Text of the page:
Just ask Jay Leno.
The used-car deal of the century included 30 Bugattis
Bugatti sage Hugh Conway lit the fuse on the grandest bombshell ever to rock the car world by compiling a comprehensive Bugatti owner registry in 1962. That was exactly the impetus fellow aficionado Fritz Schlumpf needed to begin scooping up every last Bug that money could buy for his collection in Mulhouse, France.
Sixty miles to the north in Molsheim, the Bugatti factory had been still for a decade following the death of patron Ettore Bugatti at age 65 in 1947. From the brand’s 1909 founding, 8000 or so cars were manufactured for road and racing use. Bugatti’s competition success included wins at the first-ever Monaco GP in 1929, the 24 Hours of LeMans in 1937 and 1939, and five Targa Florio victories in a row beginning in 1925.
Distinctive design and advanced engineering made Bugattis platinum-grade investments for serious car collectors. The Italian-born, Swiss-nationalized Schlumpf was obsessive in his pursuit of these gems. Business tactics he learned first as a coal broker, then a wool monger served him well throughout his career and those negotiating skills came in handy for amassing a private collection of over 500 cars and countless art objects.
Schlumpf’s foil, John Shakespeare of Centralia, Illinois, was the wealthy heir to the eponymous fishing gear enterprise created by his father. After completing studies at Harvard, John settled in the small Illinois town to oversee oil business and car dealership interests. His sports car enthusiasm began with a Porsche 356 and quickly escalated to Ferraris. In 1954, Shakespeare co-drove a Ferrari 375MM with Luigi Chinetti to a sixth-place finish in the Carrera Panamericana Road Race.
Two years later, he bought a 1932 Bugatti Type 55 supercharged roadster. Impressed by that car’s craftsmanship, Shakespeare then went all in with what a St. Louis newspaper headline proclaimed as ‘the biggest, costliest, rarest car in the world.” For either $8000 or $10,000 (reports vary), he became the third owner of the 1933 Type 41 Royale resplendent in Park Ward coachwork. After driving it 250 mile home from Chicago, Shakespeare noted, “My Royale stirred lots of attention but the 5000-pound curb weight proved tiresome to slow with a mechanical brake system.”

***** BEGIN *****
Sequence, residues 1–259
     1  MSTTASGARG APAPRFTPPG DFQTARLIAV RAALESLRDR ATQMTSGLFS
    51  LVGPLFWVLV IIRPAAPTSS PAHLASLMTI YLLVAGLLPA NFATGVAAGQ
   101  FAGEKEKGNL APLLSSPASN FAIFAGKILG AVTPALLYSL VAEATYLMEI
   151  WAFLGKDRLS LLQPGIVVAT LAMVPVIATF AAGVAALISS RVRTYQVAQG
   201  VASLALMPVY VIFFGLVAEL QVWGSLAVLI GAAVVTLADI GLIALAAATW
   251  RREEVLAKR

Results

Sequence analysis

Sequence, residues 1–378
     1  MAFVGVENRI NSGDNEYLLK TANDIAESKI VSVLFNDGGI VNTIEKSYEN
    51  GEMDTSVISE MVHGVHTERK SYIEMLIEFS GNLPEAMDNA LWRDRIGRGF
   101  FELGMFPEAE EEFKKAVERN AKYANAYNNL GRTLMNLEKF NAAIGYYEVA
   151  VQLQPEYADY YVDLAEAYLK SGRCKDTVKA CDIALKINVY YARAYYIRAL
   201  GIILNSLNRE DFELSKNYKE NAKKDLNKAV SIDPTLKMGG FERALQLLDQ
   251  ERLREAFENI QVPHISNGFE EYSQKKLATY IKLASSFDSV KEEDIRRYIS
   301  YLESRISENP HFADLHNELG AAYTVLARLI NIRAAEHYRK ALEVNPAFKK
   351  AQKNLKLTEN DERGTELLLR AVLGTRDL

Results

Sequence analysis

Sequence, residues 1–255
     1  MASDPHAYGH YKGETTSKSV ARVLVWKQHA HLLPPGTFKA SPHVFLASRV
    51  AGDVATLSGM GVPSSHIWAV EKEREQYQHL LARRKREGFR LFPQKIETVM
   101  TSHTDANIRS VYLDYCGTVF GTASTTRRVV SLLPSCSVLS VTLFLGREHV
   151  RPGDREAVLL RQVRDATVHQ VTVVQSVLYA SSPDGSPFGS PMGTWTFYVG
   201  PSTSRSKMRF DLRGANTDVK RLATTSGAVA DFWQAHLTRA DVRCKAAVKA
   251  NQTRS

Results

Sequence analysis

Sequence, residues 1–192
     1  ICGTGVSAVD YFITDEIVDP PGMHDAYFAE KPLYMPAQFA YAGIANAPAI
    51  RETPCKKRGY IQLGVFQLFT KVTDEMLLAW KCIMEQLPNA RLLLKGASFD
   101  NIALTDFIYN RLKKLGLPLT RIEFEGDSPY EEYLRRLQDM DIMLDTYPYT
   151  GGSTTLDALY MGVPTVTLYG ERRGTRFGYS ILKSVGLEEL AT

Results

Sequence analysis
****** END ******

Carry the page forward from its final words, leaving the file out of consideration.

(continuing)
Unaware of their similar activities, Shakespeare and Schlumpf waged Bugatti collecting campaigns on opposite sides of the globe. By 1962, when each owned about 30 Bugs, Shakespeare’s passion was flagging. He mentioned to a colleague that he had too many hobbies, his interest was shifting towards participatory sports such as water-skiing and sky-diving, and that he might be willing to liquidate his car collection for what he had invested–$105,000.
That scuttlebutt quickly reached Conway, the Bugatti Pope who promptly relayed the intelligence to Schlumpf. His immediate response was a burning desire to make a deal. By way of Conway, Schlumpf demanded photographs and a spare parts list, insisting that “the cars must be in perfect working order.” On the condition that the Shakespeare Bugattis were impeccable, he offered $70,000 for the lot.
Fretting over what he termed ‘bandits’ in the used-car arena, Schlumpf asked Conway to represent his interests with an inspection tour to America. Conway delegated the task to Bugatti Club member in good standing Bob Shaw, a successful steering wheel manufacturer who resided near Shakespeare’s home in northern Illinois.